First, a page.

Diving Into Intermarriage Debate, Manhattan ‘Mega-Synagogue’ Welcomes Non-Jews

B’nai Jeshurun stands on 88th Street among expensive Upper West Side apartments, an impressive synagogue in an elegant Moorish style. It’s best known for lively and well-attended Shabbat services, which can attract thousands of congregants, including a distinctive, progressive core of Jewish movers and shakers. Attorney General Eric T. Schneiderman has attended, as well as Representative Jerrold L. Nadler and the actor Rick Moranis. Services famously include lively music. Congregants sing, clap and dance. Some might break down in tears.

Bnai Jeshurun’s Shabbat services can feel like stepping into a mega-synagogue.

But on Thursday night, the synagogue held a more formal event — announcing rabbis here would now bless interfaith weddings — unions between Jews and non-Jews.

“This is, kind of, the future of Judaism,” said board member Susan Fishman, who has belonged to the congregation for a decade. Standing outside the synagogue, Fishman welcomed the move: “We have to find a way to embrace interfaith marriages in some way.”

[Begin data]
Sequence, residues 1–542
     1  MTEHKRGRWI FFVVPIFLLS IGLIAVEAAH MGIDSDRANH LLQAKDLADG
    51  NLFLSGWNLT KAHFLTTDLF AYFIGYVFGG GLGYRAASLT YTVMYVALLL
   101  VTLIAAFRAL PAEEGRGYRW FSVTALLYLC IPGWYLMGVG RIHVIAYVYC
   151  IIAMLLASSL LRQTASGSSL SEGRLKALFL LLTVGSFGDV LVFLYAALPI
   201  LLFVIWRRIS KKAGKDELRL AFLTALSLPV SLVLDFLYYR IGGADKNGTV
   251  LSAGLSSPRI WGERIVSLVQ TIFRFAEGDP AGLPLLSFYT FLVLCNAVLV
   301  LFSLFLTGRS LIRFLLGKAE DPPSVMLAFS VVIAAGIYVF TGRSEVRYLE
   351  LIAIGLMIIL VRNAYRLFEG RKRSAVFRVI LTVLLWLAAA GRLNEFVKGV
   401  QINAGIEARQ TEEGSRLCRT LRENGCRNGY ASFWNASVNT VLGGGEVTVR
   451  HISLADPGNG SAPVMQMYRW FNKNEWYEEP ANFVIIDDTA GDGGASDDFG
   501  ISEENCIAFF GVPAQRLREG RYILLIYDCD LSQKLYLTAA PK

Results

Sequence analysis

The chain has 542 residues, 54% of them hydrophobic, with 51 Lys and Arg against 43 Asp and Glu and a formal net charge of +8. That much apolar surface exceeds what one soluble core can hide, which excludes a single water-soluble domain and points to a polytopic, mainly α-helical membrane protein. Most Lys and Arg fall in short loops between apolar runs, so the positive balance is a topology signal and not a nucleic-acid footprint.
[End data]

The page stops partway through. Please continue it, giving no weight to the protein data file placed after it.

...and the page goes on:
Leaders here see their organizational or rabbinical decisions affecting not only their congregants, but also Jews outside the synagogue’s pews. In the past, B’nai Jeshurun has been a leader among American congregations; their spirited Friday night services, for example, set a fashion for synagogues across the country. This new move was not taken lightly.

In a private video announcement to congregants on Thursday, Rabbi José Rolando Matalon called it a “momentous turning point.”